3M is following suit of several other manufacturing conglomerates in divesting its Health Care business into a standalone entity, while reporting continued broad declines in sales and profit.
The St. Paul, Minnesota-based maker of PPE supplies, Post-it notes and household adhesives said July 26 that it plans to spin off its Health Care business, which had $8.6 billion in 2021 sales, or approximately 25% of 3M’s total revenue.
That divested unit will become its own publicly-traded entity focused on wound care, health care IT, oral care and biopharma filtration. 3M expects the separation to complete by the end of 2023, while the company will retain a 19.9% stake in the divested business.
“Today’s actions advance our ability to create value for customers and shareholders,” 3M chairman and CEO Mike Roman said in an announcement. “Disciplined portfolio management is a hallmark of our growth strategy. Our management team and board continually evaluate the strategic options that will best drive long-term sustainable growth and value. The decision to spin off our Health Care business will result in two well-capitalized, world-class companies, well positioned to pursue their respective priorities.”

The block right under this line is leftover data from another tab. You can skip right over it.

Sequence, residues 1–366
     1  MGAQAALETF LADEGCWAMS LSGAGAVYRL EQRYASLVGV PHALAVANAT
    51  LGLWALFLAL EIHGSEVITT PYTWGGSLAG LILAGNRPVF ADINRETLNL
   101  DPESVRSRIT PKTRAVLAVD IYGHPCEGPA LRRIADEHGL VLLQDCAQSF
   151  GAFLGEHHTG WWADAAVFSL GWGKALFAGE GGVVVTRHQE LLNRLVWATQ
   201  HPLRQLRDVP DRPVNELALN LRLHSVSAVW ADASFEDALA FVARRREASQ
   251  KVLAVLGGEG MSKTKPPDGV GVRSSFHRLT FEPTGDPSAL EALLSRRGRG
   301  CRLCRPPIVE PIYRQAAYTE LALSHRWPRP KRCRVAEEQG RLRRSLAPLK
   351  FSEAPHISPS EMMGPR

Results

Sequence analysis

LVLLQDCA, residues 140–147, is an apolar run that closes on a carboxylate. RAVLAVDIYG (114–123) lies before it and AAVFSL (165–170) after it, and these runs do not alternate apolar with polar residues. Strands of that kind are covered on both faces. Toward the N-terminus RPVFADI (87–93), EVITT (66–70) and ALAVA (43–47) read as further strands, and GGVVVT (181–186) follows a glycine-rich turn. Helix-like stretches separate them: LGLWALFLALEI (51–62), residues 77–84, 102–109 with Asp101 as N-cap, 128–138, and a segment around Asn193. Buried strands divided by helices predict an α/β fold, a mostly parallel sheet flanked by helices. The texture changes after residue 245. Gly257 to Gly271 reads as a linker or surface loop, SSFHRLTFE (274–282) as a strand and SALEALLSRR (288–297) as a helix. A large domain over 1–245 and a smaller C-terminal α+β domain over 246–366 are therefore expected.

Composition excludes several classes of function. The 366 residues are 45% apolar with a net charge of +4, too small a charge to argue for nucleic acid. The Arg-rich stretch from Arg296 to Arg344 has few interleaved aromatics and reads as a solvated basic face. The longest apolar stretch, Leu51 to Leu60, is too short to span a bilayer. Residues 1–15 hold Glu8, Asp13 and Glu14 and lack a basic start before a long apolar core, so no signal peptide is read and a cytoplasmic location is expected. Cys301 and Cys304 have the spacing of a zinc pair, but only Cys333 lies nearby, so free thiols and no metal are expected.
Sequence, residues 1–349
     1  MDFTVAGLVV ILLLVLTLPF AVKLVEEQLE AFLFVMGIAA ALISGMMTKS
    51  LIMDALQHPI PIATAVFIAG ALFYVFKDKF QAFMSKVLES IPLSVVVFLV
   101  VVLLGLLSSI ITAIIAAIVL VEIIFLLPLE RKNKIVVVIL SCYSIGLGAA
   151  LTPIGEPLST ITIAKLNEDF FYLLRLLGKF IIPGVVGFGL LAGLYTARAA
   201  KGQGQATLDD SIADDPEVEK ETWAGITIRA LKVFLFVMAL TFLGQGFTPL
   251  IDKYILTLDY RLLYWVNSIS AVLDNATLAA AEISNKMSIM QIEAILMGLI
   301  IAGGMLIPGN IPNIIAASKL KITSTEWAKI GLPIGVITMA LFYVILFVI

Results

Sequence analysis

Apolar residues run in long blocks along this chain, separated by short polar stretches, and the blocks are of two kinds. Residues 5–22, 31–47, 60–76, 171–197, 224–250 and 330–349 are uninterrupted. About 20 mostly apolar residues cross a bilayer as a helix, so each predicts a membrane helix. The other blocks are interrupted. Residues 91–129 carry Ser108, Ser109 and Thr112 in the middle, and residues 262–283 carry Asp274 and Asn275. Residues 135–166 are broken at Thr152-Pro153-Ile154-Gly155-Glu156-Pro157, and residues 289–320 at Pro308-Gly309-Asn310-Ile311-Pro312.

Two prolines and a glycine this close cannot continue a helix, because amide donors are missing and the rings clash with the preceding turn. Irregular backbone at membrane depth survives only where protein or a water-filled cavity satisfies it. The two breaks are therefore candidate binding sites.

The Health Care spin-off news comes seven months after 3M announced the $5.3 billion sale of its Food Safety business to Neogen, the company said is expected to close on Sept. 1.
3M will go forward with its three other business units — Safety and Industrial, Transportation and Electronics, and Consumer — which totaled $26.8 billion in 2021 revenue. All three segments saw second quarter year-over-year sales declines, which 3M also reported July 26. Safety and Industrial’s 2Q sales of $2.92 billion fell 3.5%; Transportation and Electronics sales of $2.27 billion fell 3.7%; and Consumer sales of $1.33 billion fell 5.0%.
Safety and Industrial’s 2Q operating profit plummeted from a $662 million gain in 2021 to a $707 million loss, nearly all driven by $1.2 billion in litigation costs stemming from thousands of lawsuits brought by veterans against the company’s subsidiary that makes military-grade earplugs. 3M simultaneously announced that the subsidiary, Aero Technologies, is seeking bankruptcy protection. The company is putting $1 billion toward a trust fund that will pay out claimants and $240 million to fund pending case expenses, as 3M will retain responsibility for that litigation.
Operating profit in 3M’s Transportation and Electronics business fell 7.2% year-over-year to $476, while profit in Consumer fell 14.8% to $247 million.
Meanwhile, 3M’s Health Care unit was the only one to see a sales uptick in 2Q. Its sales of $2.18 billion increased 0.6%, while operating profit of $494 million slipped 9.9%.
This past November, General Electric similarly announced the pending billion divestment of its GE Healthcare unit as part of a broader effort to separate the 130-year-old industrial conglomerate into three standalone public companies.